Got an opinion on UI testing and want to bring it to a dynamic team? Get in touch. We’re hiring.

Zalando Tech Blog – Technical Articles Andrey Dyachkov

At Zalando we’ve created Nakadi, a distributed event bus that implements a RESTful API abstraction on top of Kafka-like queues. It helps to provide an available, durable, and fault tolerant publish/subscribe messaging system for simple microservices communication.

A Kafka cluster is able to grow to a huge amount of data stored on the disks. Hosting Kafka requires support of instance termination (on purpose or just because the “cloud provider” decided to terminate the instance), which in our case introduces a node with no data: the rebalance of the whole cluster has to be accomplished in order to evenly distribute the data among the nodes, taking hours of data copying. Here, we are going to talk about how we avoided rebalance after node termination in a Kafka cluster hosted on AWS.

In the beginning, at least when I joined, our Kafka cluster had the following configuration:

  • 5 Kafka brokers: m3.medium 2TB SSD
  • Replication factor 3 and min insync replicas 2
  • 3 Zookeeper nodes: m3.medium
  • Ingest 250GB per day

Nowadays, the cluster is much bigger:

  • 15 Kafka brokers: m4.2xlarge 8TB HDD
  • Replication factor 3 and min insync replicas 2
  • 3 Zookeeper nodes: i3.large
  • Ingest 5TB per day and egress 30TB per day

Problem

The above setup results in a number of problems that we are looking to solve, such as:

Loss of instance

AWS is able to terminate or restart your instance without notifying you in advance of the fact. Once it has happened, the broker has lost its data, which means it has to copy the log from the other brokers. This is a pain point, because it takes hours to accomplish.

Changing instance type

The load is growing and at some point in time, the decision is to upgrade the AWS instance type to sustain the load. This could be a major issue in the sense of time as well as availability. It correlates with the first issue, but a different scenario of losing broker data.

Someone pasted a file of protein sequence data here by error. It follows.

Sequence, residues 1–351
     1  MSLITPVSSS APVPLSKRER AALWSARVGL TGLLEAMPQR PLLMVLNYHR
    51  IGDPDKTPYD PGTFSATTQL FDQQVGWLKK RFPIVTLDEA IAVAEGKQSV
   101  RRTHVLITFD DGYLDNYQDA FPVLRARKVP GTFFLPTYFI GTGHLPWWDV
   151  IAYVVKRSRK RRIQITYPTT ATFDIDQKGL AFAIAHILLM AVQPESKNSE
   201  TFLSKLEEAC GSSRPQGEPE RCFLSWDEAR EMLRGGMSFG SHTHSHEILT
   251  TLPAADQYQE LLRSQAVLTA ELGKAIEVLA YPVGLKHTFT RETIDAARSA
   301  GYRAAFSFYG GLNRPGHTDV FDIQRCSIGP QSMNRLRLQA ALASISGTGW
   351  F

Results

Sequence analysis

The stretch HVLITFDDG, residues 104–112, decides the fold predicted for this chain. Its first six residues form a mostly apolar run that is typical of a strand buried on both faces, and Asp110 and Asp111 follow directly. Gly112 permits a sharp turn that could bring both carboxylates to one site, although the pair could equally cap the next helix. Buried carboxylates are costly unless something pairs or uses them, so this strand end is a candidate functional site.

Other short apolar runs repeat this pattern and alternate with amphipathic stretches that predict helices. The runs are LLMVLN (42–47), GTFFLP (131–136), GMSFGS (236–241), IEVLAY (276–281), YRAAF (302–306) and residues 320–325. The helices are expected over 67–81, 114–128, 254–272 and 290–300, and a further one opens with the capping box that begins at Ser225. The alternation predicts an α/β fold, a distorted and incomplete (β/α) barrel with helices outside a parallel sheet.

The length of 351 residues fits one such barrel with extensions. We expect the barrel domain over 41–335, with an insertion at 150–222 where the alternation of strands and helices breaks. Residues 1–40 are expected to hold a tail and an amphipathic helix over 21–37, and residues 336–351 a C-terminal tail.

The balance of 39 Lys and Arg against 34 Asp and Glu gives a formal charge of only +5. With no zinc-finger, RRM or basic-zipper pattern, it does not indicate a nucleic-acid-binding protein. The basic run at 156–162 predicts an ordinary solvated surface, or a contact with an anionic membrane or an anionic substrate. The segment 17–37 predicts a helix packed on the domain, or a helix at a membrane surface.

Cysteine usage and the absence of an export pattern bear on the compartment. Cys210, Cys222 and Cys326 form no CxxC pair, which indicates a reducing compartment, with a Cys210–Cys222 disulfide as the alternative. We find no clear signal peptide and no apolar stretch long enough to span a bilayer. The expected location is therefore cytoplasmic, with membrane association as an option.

Upgrading a Docker image

Zalando has to follow certain compliance guidelines, which is provided by using services like Senza and Taupage. In their turn, they have requirements themselves which is to have immutable Docker images that are not replaceable once the instance is running. To overcome this, one has to relaunch the instance, hence coping a lot of data from other Kafka brokers.

Kafka cluster upgrade

Upgrading your Kafka version (or maybe downgrading it) requires the building of a different image which holds new parameters for downloading a Kafka version. This again requires the termination of the instance involving data copying.

When the cluster is quite small, it is pretty fast to rebalance it, which takes around 10-20 mins. However the bigger the cluster, the longer it takes to rebalance. It has happened that a rebalance of our current cluster takes about 7 hours in the case that one broker is down.

Solution

Our Kafka brokers were already using attached EBS volumes, which is an additional volume, located somewhere in the AWS Data Center. This is connected to the instance via network in order to have durability, availability and more disk space available. The AWS documentation states: "Amazon Elastic Block Store (Amazon EBS) provides persistent block storage volumes for use with Amazon EC2 instances in the AWS Cloud."

The only tiny issue here is that instance termination would bring the EBS volume down together with the instance, introducing data loss for one of the brokers. The figure below shows how it was organized: